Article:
Dr. Pierre B. Bland
By DR. PIERRE B. BLAND
My writing production has been poor at best this summer, to the consternation of both my editor and myself. Thankfully my editor has been much more understanding than I have been forgiving of my lack of production. As I continue my latest bout with depression, some days, actually many days, it is a task and a challenge just to get through the day, much less with the expectation of being both productive and creative. Writing is always in the back of my mind, but my limited energies are rationed and elsewise utilized.
Besides being cathartic, I enjoy writing. It often times allows me to be frankly honest about my current station in life, but at an arm’s length.
An episode of depression causes one to to take a very close look at life, pain, and futility – real and imagined. The recent high profile suicide of a musician and the near monthly demise of at least one troubled soul via the frequent freight trains which travel through my town tend to magnify my examination of those factors. Anyone who has dealt with significant depression has dealt with the thought and reality of suicide. I would be less than truthful not to count myself in that number.
Back in the summer of 2006, the weather in my head was less than ideal and had been for a while. I was isolated and extremely stressed in what I thought to be my ideal job at an university in the Pacific Northwest. I was seeing a therapist to no avail while the storm in my head intensified. I awoke on the morning of July 4, sat on the side of the bed, and flipped a coin from the bedside table. It came up heads; I proceeded to take 34 OxyContin tablets which were left over from a recent shoulder reconstruction, settled into my rocking chair and awaited the inevitable. I then discovered a strange thing about the word “inevitable;” it is not as straight forward and intransigent as we think. In an unexplained and unexpected moment of clarity, I walked to the kitchen, induced evacuation of my stomach and called 911. To keep my mind on something other than my situation as I awaited assistance, I counted the pills, now scattered about the sink. I kept counting 32 and not the 34 pills I knew I had taken. No problem, my shoulder was pretty sore that morning. I must have slept on it wrong. With time and help, I recovered from that ordeal, learning several lesions in the process.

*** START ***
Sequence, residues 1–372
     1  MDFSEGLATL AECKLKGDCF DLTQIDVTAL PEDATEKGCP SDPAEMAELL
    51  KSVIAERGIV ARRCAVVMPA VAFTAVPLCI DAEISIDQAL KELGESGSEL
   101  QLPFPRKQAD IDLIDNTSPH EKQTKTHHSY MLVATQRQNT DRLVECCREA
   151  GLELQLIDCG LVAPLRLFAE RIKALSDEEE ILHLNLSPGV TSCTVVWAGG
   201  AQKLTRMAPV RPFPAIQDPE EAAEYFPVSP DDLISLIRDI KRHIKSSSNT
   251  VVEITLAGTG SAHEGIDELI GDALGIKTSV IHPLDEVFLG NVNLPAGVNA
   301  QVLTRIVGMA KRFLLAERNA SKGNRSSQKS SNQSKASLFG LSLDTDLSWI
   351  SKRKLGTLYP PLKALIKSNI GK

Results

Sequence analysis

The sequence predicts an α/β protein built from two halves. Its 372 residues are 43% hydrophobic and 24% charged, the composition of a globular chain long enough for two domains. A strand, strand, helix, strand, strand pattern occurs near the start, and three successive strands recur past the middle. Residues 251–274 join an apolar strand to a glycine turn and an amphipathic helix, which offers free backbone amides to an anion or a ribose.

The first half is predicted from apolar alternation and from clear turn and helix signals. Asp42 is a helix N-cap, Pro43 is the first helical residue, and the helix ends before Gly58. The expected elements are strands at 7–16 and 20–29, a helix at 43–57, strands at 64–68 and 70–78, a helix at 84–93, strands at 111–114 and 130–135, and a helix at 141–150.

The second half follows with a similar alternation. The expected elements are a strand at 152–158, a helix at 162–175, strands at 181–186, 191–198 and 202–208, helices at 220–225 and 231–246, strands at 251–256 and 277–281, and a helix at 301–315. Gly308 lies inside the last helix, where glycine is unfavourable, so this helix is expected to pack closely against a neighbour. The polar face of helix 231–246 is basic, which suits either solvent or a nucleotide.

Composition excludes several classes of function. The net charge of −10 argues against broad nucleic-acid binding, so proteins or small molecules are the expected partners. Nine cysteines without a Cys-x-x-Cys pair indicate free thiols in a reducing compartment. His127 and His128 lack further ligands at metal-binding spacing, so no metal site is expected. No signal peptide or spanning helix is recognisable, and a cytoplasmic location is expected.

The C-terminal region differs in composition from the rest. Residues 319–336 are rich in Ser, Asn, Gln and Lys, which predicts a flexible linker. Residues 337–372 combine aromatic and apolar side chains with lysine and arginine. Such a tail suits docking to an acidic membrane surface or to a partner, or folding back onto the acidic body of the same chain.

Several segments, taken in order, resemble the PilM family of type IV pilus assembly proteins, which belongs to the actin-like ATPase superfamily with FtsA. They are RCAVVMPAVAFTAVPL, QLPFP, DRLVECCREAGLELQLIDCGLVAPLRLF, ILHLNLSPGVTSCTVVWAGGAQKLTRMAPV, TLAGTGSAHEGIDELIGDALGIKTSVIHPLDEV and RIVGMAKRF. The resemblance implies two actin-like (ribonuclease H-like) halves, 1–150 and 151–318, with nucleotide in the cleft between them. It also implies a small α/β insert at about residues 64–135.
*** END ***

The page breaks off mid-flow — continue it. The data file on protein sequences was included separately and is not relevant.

The first lesson learned was the word inevitable does not mean “certain to happen or unavoidable;” It means whatever God and the universe determines it means. Period. The most salient point learned is to incorporate the concept of “endurance” very intimately into my life. Nothing, not even depression, last forever. With the right tactics and assistance, I have learned to endure my episodes instead of allowing them to consume me and succumb to them. It is not easy, but can be done.
Simply explained, I bend but I don’t break.
Dr. Pierre Bland is a small and exotic animal practitioner in Oakland Park, FL. He can be reached at 954-673-8579.